All posts by Kathie Amidei

A Life Well Lived

Is this a phrase you have heard often? It seems it is the final sentence of news stories when reporting on a famous person who has died.

I have thought often recently about this expression, “a life well lived” as we have experienced multiple funerals in a short time. Each person mattered to others. Each one, I could say, was a life well lived, though in different ways. Walking with families through this time, I feel deeply grateful for all they teach me. In each opportunity of sitting with the loved ones of one of our friends that has passed on, I understand there are so many ways to live the life we are given, well.

We may have a long life, a short life or something in between. Our culture focuses a lot of energy on the length of our life. Much less on the quality of the time we have. So many things are put into perspective when we lose someone we love. 

These lessons stand out to me: 

  • Accomplishments are great but unless we cured cancer or prevented a war, our accomplishments often, ultimately, aren’t the most important things of our life.
  • Service to others is more important than most of us think. This may be serving others in our family, or a friend, or devoting our life in a profession that serves others, or clearly living the works of mercy. Serving others seems to matter.
  • Who we loved matters very much. “These things endure, faith, hope and love and the greatest of these is love.” (1 Cor 13:13) This may be the easiest scripture to quote, but I have come to believe it may be the hardest to live and matters the most.
  • It is good to care for ourselves during our life, to be healthy in body and mind. But having our priorities clear might be as important. We chase after so many things in the time we have. How we look. What we have. Power. Beauty. Achievements. I once heard a story of how sad it would be to spend our life climbing up a ladder only to find it was leaning against the wrong wall. 

What does your life, lived well, look like? It doesn’t matter as much how long or short a life is. It matters more how we live it, what we prioritize, who we love during it and that we make the difference only we, personally, can make in others’ lives.

Looking for Angels

We need to be angels to each other, to give each other strength and consolation.  

(Henri Nouwen)

This Advent has had a different focus- I have spent a lot of time visiting a rehab center caring for an elderly relative. Each person I pass makes me sad. My heart and mind have been centered on my friend who had the kind of health scare that switches off your sense of security and the illusion we carry that life will go on forever. I have been in prayer vigil with my friend whose child is not being treated for cancer, as we long for a miracle. We just had a program for the grieving who may be figuring how to “celebrate” when the love of their life isn’t there.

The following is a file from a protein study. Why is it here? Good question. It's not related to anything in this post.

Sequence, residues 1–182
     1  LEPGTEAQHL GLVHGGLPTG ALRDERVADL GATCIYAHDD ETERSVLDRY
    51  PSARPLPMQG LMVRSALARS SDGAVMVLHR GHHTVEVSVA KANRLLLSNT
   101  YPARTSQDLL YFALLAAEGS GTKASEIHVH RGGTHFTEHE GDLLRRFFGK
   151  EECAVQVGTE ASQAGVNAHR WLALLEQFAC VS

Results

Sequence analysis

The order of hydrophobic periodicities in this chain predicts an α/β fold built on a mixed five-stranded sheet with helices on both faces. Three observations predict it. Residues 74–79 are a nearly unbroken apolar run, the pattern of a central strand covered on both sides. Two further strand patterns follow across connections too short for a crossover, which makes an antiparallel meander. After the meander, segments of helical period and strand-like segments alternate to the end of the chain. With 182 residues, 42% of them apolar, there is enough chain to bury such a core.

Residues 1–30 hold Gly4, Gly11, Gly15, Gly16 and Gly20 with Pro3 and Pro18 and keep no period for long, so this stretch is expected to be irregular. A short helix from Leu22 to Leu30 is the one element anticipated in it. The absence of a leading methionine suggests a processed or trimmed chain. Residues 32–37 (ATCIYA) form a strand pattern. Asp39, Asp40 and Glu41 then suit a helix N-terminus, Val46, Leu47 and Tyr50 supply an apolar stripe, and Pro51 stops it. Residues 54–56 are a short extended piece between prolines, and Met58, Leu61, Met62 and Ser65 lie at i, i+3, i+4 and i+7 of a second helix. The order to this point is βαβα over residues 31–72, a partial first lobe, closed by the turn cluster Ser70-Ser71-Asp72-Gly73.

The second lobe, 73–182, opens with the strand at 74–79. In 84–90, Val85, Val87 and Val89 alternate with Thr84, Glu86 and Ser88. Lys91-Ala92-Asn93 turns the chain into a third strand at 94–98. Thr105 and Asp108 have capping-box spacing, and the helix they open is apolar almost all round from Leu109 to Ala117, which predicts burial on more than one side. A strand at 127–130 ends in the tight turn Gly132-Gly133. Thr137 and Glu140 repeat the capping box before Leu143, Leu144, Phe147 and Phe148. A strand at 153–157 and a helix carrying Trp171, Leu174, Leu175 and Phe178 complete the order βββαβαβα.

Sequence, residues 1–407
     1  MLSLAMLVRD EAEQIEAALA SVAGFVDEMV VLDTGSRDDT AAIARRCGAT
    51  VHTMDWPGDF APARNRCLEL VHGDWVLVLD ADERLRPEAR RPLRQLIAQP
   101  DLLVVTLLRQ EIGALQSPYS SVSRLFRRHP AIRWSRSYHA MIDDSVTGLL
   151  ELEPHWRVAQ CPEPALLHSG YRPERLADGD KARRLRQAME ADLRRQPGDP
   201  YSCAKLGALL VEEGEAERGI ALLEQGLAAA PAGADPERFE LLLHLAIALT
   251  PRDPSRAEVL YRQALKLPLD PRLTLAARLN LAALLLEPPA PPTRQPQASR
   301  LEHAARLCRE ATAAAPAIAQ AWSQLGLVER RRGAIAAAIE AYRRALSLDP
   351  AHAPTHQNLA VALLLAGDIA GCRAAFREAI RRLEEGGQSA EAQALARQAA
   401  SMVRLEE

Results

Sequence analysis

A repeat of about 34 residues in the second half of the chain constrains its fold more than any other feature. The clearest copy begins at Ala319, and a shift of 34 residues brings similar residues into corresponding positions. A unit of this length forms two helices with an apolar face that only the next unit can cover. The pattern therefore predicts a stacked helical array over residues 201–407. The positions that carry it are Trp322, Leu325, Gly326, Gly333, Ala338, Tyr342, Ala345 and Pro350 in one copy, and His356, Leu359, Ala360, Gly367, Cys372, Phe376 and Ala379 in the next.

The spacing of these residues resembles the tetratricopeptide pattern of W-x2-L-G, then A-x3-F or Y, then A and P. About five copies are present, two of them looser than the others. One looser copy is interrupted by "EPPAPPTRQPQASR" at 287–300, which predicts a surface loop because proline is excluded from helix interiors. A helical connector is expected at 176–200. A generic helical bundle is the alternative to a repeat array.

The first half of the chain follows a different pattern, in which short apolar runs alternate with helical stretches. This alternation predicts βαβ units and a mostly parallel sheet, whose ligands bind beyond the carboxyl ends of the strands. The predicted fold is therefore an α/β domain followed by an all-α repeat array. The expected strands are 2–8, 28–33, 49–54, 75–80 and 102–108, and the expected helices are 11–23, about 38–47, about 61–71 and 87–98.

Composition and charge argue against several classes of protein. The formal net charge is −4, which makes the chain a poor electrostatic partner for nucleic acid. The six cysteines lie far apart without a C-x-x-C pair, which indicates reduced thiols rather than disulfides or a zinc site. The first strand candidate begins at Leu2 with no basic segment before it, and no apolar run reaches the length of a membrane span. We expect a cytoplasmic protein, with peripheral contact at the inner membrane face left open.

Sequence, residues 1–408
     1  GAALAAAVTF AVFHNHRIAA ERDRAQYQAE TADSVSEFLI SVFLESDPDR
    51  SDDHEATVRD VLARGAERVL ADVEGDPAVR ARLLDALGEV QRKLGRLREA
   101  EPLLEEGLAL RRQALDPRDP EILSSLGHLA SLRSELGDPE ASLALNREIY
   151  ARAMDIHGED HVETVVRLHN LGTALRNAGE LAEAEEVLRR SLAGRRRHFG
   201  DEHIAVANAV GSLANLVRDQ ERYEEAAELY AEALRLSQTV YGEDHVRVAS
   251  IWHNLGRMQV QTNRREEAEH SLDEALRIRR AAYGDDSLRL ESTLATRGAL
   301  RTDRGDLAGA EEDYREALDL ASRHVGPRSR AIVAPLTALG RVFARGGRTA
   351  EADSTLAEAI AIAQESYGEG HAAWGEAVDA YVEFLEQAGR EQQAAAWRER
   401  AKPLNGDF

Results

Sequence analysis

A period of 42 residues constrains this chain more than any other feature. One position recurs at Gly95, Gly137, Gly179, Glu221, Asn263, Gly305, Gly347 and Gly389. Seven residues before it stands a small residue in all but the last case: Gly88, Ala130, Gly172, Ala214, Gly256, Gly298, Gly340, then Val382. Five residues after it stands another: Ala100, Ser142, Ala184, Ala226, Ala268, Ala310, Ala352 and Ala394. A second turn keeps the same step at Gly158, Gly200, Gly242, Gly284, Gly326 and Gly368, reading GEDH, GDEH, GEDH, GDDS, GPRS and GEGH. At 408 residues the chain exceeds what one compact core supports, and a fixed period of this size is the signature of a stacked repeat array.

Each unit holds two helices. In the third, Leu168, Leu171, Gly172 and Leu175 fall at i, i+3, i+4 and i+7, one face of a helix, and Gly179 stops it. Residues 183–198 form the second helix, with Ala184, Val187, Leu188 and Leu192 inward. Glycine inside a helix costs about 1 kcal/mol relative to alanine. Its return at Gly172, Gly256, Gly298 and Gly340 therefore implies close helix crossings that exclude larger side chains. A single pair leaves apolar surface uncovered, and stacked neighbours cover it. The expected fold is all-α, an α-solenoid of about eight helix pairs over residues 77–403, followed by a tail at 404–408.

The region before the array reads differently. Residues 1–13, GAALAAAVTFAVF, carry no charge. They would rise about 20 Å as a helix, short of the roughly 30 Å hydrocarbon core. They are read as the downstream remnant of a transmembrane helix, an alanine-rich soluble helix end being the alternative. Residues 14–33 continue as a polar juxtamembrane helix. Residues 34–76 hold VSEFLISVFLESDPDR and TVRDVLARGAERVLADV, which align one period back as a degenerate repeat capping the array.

Advent is the season of hope. It calls us to beautiful anticipation of the enigmatic love of our God who chose to be with us in flesh and blood, to share in the incredible elation and despair of life, the Messiah disguised as a vulnerable child come to save us.

Advent always goes too fast for me because I want to savor its lights, sounds, smells, and sense of shared hope with which it transforms the world in songs sung in only this season, family traditions of wreaths with four candles and ordinary trees transformed with lights. I want to watch A Christmas Carol to recover my ten-year-old sense of trust in the goodness of humanity as Scrooge gets his priorities straightened out each year.

Instead of moving quickly doing things: decorating, cooking, preparing for company, I have mostly been standing still, listening, trying to find the right words of comfort and hope. I have had to be very quiet. Waiting in prayer listening for God’s whispers of love.

I have been pondering to find an inspirational thought to share but I find I am standing in the crossroads of Advent hope and winter darkness as this week’s shortest day of light approaches. Sometimes in the dark, the heart must choose the wonder of believing.

Mr. Rogers said when you are in trouble look for the helpers. Henri Nouwen reminded me to look for angels and to remember the possibility that we can be the angels to each other. My faith assures me that angels will herald the saving child who IS hope, Immanuel, God with us, who will always bring light into the dark, hope into the confusion and love where it is most needed. Faith is expressed in the trust angels will appear in the night sky and in our life.